Guest speaker Rodger McCutcheon gave an entertaining talk on both his personal journey as an aviator and the unique history of the 1942 DC3 now based at Napier Airport.
 
Rodger ‘rescued’ the DC3 from becoming a café when he observed it while flying to Queenstown. The owner had been struggling to get an airworthy certificate over a number of years and Rodger negotiated the purchase on the basis that he could get the certificate in a matter of days.
That’s how it turned out to be. ZK-JGB is named ‘The Jean Batten Clipper’ and began life during World War 2 (the signatures of the Californian ladies who riveted it together can still be seen inside the wing mounts). It began as a Skytrain C47 troop carrier before being converted to a Douglas DC3.
 
Under different owners, it has been based in Europe, the USA, Saudi Arabia and back to Europe. It starred in a James Bond movie and, about seven years ago, the then-owner flew it from England to Auckland on what is known as the Jean Batten Trail.
 
Flying an old aircraft is not without its dramas. The most recent being earlier in the day when an engine blew a cylinder just after takeoff. Fortunately, the DC3 can still operate on one engine and a safe landing resulted.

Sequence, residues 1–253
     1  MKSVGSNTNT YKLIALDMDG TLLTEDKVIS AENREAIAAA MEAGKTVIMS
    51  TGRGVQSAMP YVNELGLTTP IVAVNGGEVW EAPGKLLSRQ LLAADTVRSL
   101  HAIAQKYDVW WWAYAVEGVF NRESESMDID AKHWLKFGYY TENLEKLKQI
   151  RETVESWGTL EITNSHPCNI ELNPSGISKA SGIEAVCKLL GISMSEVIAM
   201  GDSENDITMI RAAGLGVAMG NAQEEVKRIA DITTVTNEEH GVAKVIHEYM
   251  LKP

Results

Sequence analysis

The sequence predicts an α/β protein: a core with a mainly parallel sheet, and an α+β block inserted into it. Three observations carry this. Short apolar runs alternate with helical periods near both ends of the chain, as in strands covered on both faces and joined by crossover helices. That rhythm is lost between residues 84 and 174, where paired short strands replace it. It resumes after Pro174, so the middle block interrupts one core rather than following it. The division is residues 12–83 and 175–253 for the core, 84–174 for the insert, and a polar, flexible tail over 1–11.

The Hawkes Bay DC3 Charitable Trust has been formed to ensure a long-term future for the aircraft. Its plans include a permanent hangar for the DC3 as part of an Aviation Heritage Centre with static displays of historic aircraft. ZK-JGB has already done a number of sight-seeing flights and the hope is that these become a regular activity (around $100 per person). The flight deck will be accessible for those interested to watch the pilots at work.
 
There are plans to be regularly involved in the Art Deco weekend. With regard to Rodger’s flying career, he first flew as a 16-year-old and began working as a pilot at age 17. He first flew DC3s with Fieldair (top dressing) but has ratings in a number of aircraft including helicopters.